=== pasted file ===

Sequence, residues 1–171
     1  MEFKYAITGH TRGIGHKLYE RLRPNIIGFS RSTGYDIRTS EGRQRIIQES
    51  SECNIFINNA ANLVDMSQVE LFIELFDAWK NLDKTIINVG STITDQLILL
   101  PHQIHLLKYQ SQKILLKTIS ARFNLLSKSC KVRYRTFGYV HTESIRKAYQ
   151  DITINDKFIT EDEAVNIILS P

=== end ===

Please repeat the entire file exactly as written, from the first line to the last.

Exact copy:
Sequence, residues 1–171
     1  MEFKYAITGH TRGIGHKLYE RLRPNIIGFS RSTGYDIRTS EGRQRIIQES
    51  SECNIFINNA ANLVDMSQVE LFIELFDAWK NLDKTIINVG STITDQLILL
   101  PHQIHLLKYQ SQKILLKTIS ARFNLLSKSC KVRYRTFGYV HTESIRKAYQ
   151  DITINDKFIT EDEAVNIILS P